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Open Access Highly Accessed Research article

Effect of cyclooxygenase inhibition on cholesterol efflux proteins and atheromatous foam cell transformation in THP-1 human macrophages: a possible mechanism for increased cardiovascular risk

Edwin SL Chan1, Hongwei Zhang2, Patricia Fernandez1, Sari D Edelman3, Michael H Pillinger1, Louis Ragolia2, Thomas Palaia2, Steven Carsons23 and Allison B Reiss2*

Author Affiliations

1 Division of Clinical Pharmacology, Department of Medicine, New York University School of Medicine, 550 First Avenue, New York, NY 10016, USA

2 Vascular Biology Institute, Department of Medicine Winthrop-University Hospital, 222 Station Plaza, North, Mineola, NY 11501, USA

3 Division of Rheumatology, Allergy and Immunology, Department of Medicine Winthrop-University Hospital, 222 Station Plaza, North, Mineola, NY 11501, USA

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Arthritis Research & Therapy 2007, 9:R4  doi:10.1186/ar2109


The electronic version of this article is the complete one and can be found online at: http://arthritis-research.com/content/9/1/R4


Received:11 October 2006
Revisions received:18 December 2006
Accepted:23 January 2007
Published:23 January 2007

© 2007 Chan et al.; licensee BioMed Central Ltd.

This is an open access article distributed under the terms of the Creative Commons Attribution License (http://creativecommons.org/licenses/by/2.0), which permits unrestricted use, distribution, and reproduction in any medium, provided the original work is properly cited.

Abstract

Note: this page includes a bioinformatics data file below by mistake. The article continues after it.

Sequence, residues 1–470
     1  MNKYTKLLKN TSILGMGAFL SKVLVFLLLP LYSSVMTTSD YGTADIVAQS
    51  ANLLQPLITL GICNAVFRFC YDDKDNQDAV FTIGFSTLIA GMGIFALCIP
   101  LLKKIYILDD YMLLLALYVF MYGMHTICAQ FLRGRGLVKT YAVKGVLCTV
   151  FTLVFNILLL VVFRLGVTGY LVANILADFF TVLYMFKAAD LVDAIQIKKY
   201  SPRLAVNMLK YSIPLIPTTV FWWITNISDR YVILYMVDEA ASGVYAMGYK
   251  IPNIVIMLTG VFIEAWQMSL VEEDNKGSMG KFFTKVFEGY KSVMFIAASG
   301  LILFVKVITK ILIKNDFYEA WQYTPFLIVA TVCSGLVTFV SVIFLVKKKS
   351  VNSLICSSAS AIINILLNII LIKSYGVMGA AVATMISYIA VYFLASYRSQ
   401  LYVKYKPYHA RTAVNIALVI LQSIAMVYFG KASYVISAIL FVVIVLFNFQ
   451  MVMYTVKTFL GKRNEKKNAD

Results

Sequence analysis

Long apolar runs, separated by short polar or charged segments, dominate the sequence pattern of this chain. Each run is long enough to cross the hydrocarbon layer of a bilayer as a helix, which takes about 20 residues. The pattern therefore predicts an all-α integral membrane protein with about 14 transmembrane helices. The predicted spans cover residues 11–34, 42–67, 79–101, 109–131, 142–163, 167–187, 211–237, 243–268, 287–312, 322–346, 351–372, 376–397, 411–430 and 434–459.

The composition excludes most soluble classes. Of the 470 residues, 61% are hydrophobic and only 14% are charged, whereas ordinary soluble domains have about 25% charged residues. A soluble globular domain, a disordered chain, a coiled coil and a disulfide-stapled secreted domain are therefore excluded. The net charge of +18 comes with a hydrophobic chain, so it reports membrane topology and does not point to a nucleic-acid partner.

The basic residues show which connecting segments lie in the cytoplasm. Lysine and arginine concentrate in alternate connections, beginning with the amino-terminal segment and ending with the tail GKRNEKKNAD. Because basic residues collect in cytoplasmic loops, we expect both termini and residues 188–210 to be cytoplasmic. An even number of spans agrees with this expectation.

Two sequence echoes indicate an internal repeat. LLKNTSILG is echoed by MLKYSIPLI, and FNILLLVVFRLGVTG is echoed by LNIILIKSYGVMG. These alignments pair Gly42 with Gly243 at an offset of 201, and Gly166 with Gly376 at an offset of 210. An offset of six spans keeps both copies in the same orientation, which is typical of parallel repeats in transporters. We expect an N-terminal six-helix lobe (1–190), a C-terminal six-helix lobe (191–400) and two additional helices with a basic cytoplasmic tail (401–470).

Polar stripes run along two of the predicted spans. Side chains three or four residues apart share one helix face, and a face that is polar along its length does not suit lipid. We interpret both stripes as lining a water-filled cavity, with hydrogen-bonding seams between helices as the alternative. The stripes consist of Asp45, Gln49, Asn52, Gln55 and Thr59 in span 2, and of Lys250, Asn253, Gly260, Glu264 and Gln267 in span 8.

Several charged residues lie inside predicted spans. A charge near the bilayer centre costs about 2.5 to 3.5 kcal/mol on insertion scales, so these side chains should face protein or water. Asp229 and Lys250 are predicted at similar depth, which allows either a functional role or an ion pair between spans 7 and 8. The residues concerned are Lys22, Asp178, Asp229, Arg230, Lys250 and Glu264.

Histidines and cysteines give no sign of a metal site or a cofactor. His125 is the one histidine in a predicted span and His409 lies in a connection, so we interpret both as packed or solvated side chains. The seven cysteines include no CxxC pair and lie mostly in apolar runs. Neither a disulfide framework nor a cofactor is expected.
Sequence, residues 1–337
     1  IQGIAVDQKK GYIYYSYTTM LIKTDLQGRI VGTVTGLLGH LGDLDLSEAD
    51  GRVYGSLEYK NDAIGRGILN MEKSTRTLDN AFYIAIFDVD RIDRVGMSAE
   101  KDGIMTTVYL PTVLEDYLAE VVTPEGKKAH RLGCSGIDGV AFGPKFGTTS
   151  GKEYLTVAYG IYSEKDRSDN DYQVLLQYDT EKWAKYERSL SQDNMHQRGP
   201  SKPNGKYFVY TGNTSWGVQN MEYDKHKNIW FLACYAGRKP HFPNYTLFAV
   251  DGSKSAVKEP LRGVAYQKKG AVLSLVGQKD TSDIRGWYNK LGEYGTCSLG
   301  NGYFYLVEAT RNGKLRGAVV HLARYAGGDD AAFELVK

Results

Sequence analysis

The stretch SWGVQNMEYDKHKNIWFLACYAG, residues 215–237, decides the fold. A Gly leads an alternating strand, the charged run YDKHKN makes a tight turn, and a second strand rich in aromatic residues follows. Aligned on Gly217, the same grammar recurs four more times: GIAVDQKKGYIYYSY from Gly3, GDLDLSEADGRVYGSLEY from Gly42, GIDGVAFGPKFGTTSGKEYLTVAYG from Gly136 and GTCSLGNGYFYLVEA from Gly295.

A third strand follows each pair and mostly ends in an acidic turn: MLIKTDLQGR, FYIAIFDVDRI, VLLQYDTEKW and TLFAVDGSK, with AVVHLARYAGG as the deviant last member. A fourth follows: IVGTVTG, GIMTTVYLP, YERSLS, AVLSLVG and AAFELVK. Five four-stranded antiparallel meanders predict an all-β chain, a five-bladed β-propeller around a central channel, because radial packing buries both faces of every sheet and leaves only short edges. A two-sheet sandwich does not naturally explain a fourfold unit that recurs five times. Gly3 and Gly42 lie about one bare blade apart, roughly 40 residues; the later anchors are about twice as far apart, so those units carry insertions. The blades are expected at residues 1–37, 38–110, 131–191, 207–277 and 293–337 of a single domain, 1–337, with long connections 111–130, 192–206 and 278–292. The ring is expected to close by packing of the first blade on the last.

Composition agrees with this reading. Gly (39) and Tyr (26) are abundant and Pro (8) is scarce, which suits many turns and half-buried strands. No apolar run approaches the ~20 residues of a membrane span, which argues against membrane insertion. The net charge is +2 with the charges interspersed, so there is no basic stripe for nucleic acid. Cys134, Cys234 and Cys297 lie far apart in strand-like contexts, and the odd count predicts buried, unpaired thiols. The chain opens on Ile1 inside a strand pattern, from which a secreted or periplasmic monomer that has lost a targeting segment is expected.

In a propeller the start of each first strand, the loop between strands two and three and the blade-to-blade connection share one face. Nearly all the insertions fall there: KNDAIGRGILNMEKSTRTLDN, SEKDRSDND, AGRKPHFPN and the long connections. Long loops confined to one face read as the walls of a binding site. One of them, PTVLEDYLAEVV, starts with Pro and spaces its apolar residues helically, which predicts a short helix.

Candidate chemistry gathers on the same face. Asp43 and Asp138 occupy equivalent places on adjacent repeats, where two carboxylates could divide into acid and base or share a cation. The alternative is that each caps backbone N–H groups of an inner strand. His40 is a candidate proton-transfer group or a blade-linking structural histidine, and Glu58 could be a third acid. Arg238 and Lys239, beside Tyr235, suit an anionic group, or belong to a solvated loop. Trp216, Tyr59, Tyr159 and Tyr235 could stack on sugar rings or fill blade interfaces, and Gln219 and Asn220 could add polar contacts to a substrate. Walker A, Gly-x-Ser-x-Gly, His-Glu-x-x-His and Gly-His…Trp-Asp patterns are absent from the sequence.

Both selective cyclooxygenase (COX)-2 inhibitors and non-steroidal anti-inflammatory drugs (NSAIDs) have been beneficial pharmacological agents for many patients suffering from arthritis pain and inflammation. However, selective COX-2 inhibitors and traditional NSAIDs are both associated with heightened risk of myocardial infarction. Possible pro-atherogenic mechanisms of these inhibitors have been suggested, including an imbalance in prostanoid production leaving the pro-aggregatory prostaglandins unopposed, but the precise mechanisms involved have not been elucidated. We explored the possibility that downregulation of proteins involved in reverse cholesterol transport away from atheromatous plaques contributes to increased atherogenesis associated with COX inhibition. The reverse cholesterol transport proteins cholesterol 27-hydroxylase and ATP-binding cassette transporter A1 (ABCA1) export cholesterol from macrophages. When mechanisms to process lipid load are inadequate, uncontrolled cholesterol deposition in macrophages transforms them into foam cells, a key element of atheromatous plaques. We showed that in cultured THP-1 human monocytes/macrophages, inhibition of COX-1, COX-2, or both reduced expression of 27-hydroxylase and ABCA1 message (real-time reverse transcription-polymerase chain reaction) and protein (immunoblot). The selective COX-2 inhibitor N-(2-cyclohexyloxy-4-nitrophenyl)methanesulfonamide (NS398) significantly reduced 27-hydroxylase and ABCA1 message (to 62.4% ± 2.2% and 71.1% ± 3.9% of control, respectively). Incubation with prostaglandin (PG) E2 or PGD2 reversed reductions in both of these cholesterol transport proteins induced by NS398. Cholesterol-loaded THP-1 macrophages showed significantly increased foam cell transformation in the presence of NS398 versus control (42.7% ± 6.6% versus 20.1% ± 3.4%, p = 0.04) as determined by oil red O staining. Pharmacological inhibition of COX in monocytes is involved in downregulation of two proteins that mediate cholesterol efflux: cholesterol 27-hydroxylase and ABCA1. Because these proteins are anti-atherogenic, their downregulation may contribute to increased incidence of cardiac events in patients treated with COX inhibitors. Reversal of inhibitory effects on 27-hydroxylase and ABCA1 expression by PGD2 and PGE2 suggests involvement of their respective signaling pathways. NS398-treated THP-1 macrophages show greater vulnerability to form foam cells. Increased cardiovascular risk with COX inhibition may be ascribed at least in part to altered cholesterol metabolism.